The Queensland Rugby (QRU) have advised that they will not appeal the SANZAR judicial ruling to suspend Queensland Reds flyhalf Quade Cooper on a dangerous tackle charge to avoid further disruption to its team's title defence which continues in two days time.
Cooper was handed a one-match suspension by Judicial Officer Paul Tully on Monday evening after it was ruled that Cooper contravened Law 10.4 (e) Dangerous Tackling when he made contact to the chest and shoulders of Waratahs player Berrick Barnes during Saturday night's match at Suncorp Stadium.
After fully considering the SANZAR transcript received at midday today, QRU still firmly believes that the tackle in question did not reach the red card threshold at which Cooper was initially cited and therefore did not warrant any further action than the yellow card which was awarded by referee Steve Walsh at the time.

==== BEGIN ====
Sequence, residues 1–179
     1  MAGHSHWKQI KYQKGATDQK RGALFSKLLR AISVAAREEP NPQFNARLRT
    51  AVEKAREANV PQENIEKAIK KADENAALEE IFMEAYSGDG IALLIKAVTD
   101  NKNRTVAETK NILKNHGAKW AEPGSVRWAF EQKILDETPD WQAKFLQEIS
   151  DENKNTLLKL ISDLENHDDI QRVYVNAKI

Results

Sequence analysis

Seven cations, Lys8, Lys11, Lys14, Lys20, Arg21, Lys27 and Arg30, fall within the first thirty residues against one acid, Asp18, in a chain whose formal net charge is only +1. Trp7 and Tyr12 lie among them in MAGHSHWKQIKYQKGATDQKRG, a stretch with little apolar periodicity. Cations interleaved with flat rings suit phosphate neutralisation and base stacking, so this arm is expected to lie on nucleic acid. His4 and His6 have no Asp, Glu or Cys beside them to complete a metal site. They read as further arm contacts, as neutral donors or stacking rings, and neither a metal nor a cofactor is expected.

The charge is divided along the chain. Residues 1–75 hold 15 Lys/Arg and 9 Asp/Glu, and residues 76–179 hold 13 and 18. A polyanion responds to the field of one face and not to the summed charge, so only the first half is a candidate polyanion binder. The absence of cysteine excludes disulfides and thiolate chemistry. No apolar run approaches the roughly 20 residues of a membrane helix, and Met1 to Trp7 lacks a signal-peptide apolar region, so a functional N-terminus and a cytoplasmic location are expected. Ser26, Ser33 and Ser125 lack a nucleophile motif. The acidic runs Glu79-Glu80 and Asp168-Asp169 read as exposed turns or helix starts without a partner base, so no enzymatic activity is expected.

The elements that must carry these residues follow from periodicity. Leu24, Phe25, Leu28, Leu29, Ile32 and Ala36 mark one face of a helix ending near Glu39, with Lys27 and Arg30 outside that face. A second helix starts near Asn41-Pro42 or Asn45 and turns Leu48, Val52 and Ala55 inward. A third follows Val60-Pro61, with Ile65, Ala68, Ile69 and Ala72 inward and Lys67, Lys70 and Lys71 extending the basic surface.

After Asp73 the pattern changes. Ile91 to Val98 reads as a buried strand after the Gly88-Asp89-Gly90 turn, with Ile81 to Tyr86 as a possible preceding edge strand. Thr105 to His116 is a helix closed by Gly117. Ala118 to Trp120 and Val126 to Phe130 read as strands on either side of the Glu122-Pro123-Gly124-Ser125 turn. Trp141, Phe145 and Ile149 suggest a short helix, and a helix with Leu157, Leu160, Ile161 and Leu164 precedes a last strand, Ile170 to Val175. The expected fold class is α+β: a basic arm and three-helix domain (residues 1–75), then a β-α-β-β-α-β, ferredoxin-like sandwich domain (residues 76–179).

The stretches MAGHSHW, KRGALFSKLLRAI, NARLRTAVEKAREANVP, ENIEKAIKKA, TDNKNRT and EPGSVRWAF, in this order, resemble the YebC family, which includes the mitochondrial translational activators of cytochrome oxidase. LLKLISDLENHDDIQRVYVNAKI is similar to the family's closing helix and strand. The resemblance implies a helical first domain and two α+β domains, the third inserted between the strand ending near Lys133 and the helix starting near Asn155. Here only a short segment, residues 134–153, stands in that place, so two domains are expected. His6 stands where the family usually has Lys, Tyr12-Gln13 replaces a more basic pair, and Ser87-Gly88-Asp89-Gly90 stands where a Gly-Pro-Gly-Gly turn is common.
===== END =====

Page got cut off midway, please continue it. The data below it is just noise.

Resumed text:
Also, evidence presented to the video conference over a four-and-a-half hour period, failed to validate the citing commissioner's claim that Cooper's tackle initially made contact with Barnes' head, in QRU's opinion.
Chairman Rod McCall and CEO Jim Carmichael also believe there is now insufficient time to lodge an appeal after today's transcript receipt.
"We initially anticipated we would gain a better understanding of the decision by the Judicial Officer though obtaining the full SANZAR transcripts," Mr Carmichael said.
"However, they failed to reveal any further detail or clarification on why the judgement was made and the delay in receiving these documents has made it near impossible to mount an appeal."
After ongoing discussions with SANZAR CEO Greg Peters, QRU will instead formally write to SANZAR to outline their concerns and seek clarification around a range of points.
It has also been agreed that this will also form part of the review process that the Super Rugby franchises, the ARU and SANZAR undertake on an annual basis.